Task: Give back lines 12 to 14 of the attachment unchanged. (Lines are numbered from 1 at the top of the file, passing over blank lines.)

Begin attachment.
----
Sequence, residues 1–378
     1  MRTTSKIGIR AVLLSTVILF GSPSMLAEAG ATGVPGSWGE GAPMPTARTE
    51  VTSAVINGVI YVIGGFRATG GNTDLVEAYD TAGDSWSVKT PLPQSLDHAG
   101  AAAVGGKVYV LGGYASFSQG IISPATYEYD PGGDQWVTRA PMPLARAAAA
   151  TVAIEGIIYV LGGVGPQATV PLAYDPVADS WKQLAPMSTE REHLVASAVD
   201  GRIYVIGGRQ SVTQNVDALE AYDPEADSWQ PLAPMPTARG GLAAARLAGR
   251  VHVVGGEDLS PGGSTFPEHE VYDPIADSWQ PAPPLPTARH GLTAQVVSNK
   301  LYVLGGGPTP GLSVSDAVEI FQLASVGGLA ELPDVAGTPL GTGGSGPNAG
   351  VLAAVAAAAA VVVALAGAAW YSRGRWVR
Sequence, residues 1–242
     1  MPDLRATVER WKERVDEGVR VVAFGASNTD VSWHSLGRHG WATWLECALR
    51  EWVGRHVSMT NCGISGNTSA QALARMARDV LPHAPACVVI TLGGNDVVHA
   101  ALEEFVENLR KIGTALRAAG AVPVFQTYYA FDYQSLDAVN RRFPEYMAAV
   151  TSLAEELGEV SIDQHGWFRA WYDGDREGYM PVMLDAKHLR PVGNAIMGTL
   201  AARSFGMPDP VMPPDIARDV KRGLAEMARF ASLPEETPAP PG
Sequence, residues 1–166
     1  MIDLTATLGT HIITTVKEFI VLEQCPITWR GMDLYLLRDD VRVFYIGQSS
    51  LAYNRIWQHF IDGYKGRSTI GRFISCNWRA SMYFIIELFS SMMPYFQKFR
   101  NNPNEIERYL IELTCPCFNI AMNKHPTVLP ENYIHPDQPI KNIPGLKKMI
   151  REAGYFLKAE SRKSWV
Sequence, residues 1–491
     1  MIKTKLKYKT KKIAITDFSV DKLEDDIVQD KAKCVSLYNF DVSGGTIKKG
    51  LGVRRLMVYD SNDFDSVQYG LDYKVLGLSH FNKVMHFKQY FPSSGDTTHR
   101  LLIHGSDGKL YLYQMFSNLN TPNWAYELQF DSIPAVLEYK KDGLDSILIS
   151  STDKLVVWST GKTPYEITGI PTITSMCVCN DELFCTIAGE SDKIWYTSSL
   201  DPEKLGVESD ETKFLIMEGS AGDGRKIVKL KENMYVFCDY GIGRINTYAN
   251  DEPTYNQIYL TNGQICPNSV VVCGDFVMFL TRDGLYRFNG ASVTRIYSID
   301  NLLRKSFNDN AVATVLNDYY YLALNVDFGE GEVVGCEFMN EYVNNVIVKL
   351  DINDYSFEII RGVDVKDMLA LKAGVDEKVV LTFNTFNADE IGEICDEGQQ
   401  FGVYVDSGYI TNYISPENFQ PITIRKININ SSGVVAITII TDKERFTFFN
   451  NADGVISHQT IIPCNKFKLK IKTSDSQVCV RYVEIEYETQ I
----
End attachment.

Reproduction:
    51  EWVGRHVSMT NCGISGNTSA QALARMARDV LPHAPACVVI TLGGNDVVHA
   101  ALEEFVENLR KIGTALRAAG AVPVFQTYYA FDYQSLDAVN RRFPEYMAAV
   151  TSLAEELGEV SIDQHGWFRA WYDGDREGYM PVMLDAKHLR PVGNAIMGTL